Did you trap stoats/weasels with Erayz when it had been treated with vinegar recently?
I wonder if using a spray bottle to give Erayz a coating of it in winter would help? Salt?

I run about 25 traps on my property and neighbouring areas.I’m able to check them frequently, because they’re all within walking distance.I’d basically given up on using Erayz in winter due to mold and them going soggy, but rats probably don’t care. I’ll definitely try the vinegar. I usually trap enough rodents that I can use them as mustelid bait, and remove them before they rot, but an Erayz/carcass combo, plus an egg, should be effective.

Perhaps you could try to organize a citizen science group in NZ? You could organize bait trials here from Canada, and crunch the numbers. If a technique and/or lure/bait delived promising results, you could write up a summary of the data and contact DOC, Landcare Research, Unis, councils to see if they’d be interested in trialing anything. Put up a new post asking users if they’d experiment on your behalf. I’ll try the vinegar, and there might be some users that have responded to your past posts that would be interested.


My trial with the erayz and vinegar was on my last field day. The work group had never used erayz but they did say they’d be trying more. If I was still trapping, next I’d be trying dipping erayz just before it starts to mold. (Spray, not dip, worth a try too.) That the vinegar seemed to freshen up the erayz was totally unexpected. More trials are certainly needed to confirm that. I’d also be trailing spraying full strength vinegar of both kinds too, along with a scrub with a dish brush, in a number of DOCs to confirm that vinegar is not a deterrent. Also to see that the vinegar does effectively kill any residual mold in the boxes. I have often left moldy erayz on the top of trap boxes and nothing touches it. Can’t conclude from that though that at some mold stage it wouldn’t still have sufficient erayz smell to attract.

Yes I would like to try to organize what you mention in your last paragraph. I’ll try contacting you with the message method available by clicking your pseudonym.

My traps are quite close to where I live, so I’m able to check them several times a week, and some of them 3-4 times. Unfortunately, Erayz turns to mush in no time, even in hot weather. Shouldn’t it dry out and become like jerky? Every other kind of meat does, and fish. What gives?

I’ll try the vinegar treatment soon. I’m going to clean out a DOC tunnel in a few days, so it’s a good opportunity to try something. Once the maintenance is finished, I’m going to spray the lid and the inside of the trap with malt vinegar (just 1 spritz each). Derived from barley beer, I think it’s the type of vinegar that rats would be the most attracted to. I’ll have the trap close enough that I can check it daily, and will leave the trap unset, because I want to find out how long it takes for any activity to occur. With egg mayo, I typically trap rats on night 1, so it may not take long for malt to attract them, either. Even if vinegar don’t turn out to be effective lures/bait treatments, it should be an excellent way to alert predators to the presence of a new trap.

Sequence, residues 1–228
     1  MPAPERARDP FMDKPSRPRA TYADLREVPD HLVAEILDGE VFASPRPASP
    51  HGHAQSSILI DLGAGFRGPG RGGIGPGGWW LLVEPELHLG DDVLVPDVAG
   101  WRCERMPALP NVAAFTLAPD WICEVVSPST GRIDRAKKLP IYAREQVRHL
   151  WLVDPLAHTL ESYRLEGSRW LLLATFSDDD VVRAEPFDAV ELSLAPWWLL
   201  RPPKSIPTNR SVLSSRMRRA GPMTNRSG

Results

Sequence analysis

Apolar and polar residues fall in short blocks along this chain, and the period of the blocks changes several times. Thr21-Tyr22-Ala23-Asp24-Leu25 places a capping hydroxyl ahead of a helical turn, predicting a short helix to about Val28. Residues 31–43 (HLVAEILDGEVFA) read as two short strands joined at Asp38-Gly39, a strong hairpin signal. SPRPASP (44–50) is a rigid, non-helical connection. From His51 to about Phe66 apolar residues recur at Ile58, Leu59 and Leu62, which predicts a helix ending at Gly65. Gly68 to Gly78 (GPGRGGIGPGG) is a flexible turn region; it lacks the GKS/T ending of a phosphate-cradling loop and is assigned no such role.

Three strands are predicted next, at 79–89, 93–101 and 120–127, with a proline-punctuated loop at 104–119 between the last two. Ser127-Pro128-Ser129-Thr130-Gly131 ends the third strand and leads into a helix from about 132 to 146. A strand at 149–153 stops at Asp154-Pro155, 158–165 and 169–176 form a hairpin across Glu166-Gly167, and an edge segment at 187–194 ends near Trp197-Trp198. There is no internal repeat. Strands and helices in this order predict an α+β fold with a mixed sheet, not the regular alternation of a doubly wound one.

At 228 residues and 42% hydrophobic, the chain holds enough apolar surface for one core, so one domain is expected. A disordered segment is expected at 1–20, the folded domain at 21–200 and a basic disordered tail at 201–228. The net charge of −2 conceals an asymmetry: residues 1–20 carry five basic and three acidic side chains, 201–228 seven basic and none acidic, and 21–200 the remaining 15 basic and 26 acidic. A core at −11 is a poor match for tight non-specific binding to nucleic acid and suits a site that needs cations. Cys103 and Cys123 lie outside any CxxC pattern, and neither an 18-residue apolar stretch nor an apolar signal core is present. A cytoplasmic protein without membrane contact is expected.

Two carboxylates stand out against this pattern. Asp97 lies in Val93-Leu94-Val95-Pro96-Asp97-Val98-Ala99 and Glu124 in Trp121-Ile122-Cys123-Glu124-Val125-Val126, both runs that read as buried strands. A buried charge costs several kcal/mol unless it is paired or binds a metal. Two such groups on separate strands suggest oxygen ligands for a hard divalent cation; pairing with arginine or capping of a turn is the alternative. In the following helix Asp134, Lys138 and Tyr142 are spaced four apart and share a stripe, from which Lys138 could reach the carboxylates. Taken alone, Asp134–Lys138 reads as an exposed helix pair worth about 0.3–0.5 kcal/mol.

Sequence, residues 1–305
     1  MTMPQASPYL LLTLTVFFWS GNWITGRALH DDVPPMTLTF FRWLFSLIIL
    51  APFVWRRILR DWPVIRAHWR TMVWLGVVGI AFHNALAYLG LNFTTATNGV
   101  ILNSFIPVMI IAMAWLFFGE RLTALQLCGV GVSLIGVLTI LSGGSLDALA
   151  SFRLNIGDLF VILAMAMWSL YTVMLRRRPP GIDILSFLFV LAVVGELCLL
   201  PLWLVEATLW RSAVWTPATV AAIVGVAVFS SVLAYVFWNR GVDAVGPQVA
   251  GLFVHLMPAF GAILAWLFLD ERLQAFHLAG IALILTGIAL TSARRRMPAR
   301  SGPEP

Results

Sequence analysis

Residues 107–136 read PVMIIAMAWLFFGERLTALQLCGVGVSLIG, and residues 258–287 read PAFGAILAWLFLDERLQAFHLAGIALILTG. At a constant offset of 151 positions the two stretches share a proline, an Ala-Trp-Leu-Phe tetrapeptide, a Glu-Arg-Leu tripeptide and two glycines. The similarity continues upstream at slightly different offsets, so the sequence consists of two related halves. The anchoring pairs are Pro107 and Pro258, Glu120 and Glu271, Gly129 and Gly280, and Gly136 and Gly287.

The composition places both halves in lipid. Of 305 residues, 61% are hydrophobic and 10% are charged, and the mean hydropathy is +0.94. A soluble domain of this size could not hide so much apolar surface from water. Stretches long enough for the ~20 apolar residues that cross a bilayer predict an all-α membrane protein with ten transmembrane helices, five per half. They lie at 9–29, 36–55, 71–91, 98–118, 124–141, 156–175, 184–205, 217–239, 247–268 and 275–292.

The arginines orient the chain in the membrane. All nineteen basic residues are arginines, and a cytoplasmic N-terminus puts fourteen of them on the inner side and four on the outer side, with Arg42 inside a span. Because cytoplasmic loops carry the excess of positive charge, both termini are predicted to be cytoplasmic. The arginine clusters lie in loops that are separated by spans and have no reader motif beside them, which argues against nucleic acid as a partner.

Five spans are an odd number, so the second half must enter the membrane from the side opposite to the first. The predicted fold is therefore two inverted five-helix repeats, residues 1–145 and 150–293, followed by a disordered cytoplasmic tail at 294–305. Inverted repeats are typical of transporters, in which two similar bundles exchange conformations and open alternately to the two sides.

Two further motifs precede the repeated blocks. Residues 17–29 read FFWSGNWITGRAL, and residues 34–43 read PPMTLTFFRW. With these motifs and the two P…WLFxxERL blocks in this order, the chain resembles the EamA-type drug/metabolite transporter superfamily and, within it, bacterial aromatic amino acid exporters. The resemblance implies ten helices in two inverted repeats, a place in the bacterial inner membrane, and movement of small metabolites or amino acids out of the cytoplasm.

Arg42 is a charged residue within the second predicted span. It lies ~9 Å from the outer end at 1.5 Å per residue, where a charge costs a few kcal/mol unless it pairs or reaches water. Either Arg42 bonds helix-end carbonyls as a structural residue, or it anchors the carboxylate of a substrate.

The next time I put new Erayz in my traps, I’ll spray 1 piece in a double-set with vinegar, and leave the other one alone. I have a trap close to a stream, so if the sprayed piece doeswell in that tunnel, then that’s all the evidence I need!


Just to thank you for this message as since reading it I have been regularly using your apple cider treatment. Unfortunately I don’t have time to do tests and controls. However my observations are that the vinegar works well as on the first use as I got a good rat count, however over time this has come back a bit so maybe I need to make a change. One thing though is that I have not had a stoat or weasel even though I know there are a large number in the area. So I am now using PoaHu as the lure to see if this works - 2 weeks in nothing!

I’ve also given this a try, but I need to do a larger trial. I placed some in several traps as a prefeed to see how appealing it was to rats, and it disappeared overnight, so they were vinegar fans. The second batch killed a large brown rat. I’m going to make up another batch soon.

I learned, recently, that vinegar evaporates quickly, so the extra appeal that it gives bait is short-lived. With egg mayo, I trap the vast majority of predators within the first 24 hours. After that, it’s average. Something that should reduce the rate at which vinegar evaporates, is vegetable oil, which forms a coating on top of the vinegar. I’m going to try dipping Erayz in a 50/50 mix of oil and vinegar to see if the Erayz retains its vinegar smell for longer. Rats love oils, so it won’t act as a deterrent. Oils do go rancid, eventually, but it should take quite a while for this to happen in cold weather, and rats might not care. Mustelids might be deterred, though.

Regarding mold-growth, I think that vinegar must give bait a temporary acidic shield, which prevents mold spores from colonising it right away. Vinegar doesn’t leave a residue when it evaporates, so altering the pH of the surface of the bait is the only thing that makes sense to me.

BTW, if you’re having a problem with mice stealing bait out of snap traps, jam a small piece of Erayz, into the bait cup. It’s hard for them to eat it without setting off the trap. I gave my last piece a coating of vinegar, which the mice loved, and it has stayed good for ages. A very good mousetrap is the Times Up mouse trap, which you can buy at Mitre 10 Mega. I put a pair of them in a tunnel made out of timber scraps, and I’ve been killing them like crazy. It’s nice to have rat traps that actually have bait in them!

I recommend reading the PoaUku study on the Connovation website.


I have now being using the PoaUku all the way through from April to date in 20 X Doc 200 traps. Not a single mustelid ! Numerous rats though.